So how did I piece that together from free online research?  I added three generations to Emily's line, and extended that section of my ancestry fan chart without even leaving home, or paying a penny.  I made a story, I found probable tragedy, encountered some large families, identified their class, added new locations to my ancestry, such as Tasburgh - and even my first ever discovered ancestors from over the county border into Suffolk.  I found that my great grandmother (I'll borrow a photograph to scan later) Emily Smith, earned money as a girl, working as a Crow Keeper!

The main source was Family Search, the genealogical website hosted by the Church of the Latter Day Saints.  This is a cracking free website.  On it I could find and search a database of UK censuses from between 1841 and 1911.  This enabled me for example, to locate a few ancestors locations when otherwise they would have been missing.  The website also has an impressive database of transcribed parish registers and Bishops transcripts.  In some cases, the original documents were also available as digitilised images.  The search facility for all of their documents took a little getting use to, in order to get the best out of it, but what a free service!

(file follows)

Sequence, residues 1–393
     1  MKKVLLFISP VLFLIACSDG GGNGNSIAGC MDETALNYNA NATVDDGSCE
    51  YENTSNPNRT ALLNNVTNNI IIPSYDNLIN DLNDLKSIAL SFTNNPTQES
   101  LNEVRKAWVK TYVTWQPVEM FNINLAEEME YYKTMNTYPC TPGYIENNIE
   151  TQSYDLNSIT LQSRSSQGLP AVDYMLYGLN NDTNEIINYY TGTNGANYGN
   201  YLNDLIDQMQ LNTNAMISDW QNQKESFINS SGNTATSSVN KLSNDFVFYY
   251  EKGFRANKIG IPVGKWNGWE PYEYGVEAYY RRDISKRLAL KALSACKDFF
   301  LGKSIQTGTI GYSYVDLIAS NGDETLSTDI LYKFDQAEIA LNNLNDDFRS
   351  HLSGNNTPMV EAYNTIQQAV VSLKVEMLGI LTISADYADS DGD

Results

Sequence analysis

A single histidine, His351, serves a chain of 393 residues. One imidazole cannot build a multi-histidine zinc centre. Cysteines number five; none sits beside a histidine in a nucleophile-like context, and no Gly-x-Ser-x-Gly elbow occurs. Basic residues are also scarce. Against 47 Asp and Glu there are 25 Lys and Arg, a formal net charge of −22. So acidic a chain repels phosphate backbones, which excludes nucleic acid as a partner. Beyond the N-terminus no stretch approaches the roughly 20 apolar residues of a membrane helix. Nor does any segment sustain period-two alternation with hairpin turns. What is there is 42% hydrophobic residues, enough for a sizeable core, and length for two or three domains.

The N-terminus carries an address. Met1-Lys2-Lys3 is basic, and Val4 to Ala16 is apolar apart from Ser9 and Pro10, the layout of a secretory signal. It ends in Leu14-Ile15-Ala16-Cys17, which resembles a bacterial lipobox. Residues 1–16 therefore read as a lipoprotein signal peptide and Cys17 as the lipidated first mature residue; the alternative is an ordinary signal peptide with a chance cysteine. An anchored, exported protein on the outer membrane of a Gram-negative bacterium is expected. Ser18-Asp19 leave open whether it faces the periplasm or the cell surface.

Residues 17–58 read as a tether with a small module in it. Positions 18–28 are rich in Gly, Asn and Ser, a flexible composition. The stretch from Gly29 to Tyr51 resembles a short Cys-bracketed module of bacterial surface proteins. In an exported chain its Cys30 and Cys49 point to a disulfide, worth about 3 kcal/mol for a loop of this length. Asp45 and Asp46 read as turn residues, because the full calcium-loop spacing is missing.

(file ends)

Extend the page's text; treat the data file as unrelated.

Another useful website was FreeBMD.  This database was critical in tracing and confirming the marriage of George Barber to Maria Ellis in 1858. Although it only gives access to the indexes of state birth, marriages, and deaths, that along with correlations through the search facility of gave me enough information for that event.

Finally, in a search like this - you have to use Google Maps, in order to get a picture of where your ancestors lived, use Street View to see them, and the maps to see exactly where the parishes are in relation to each other.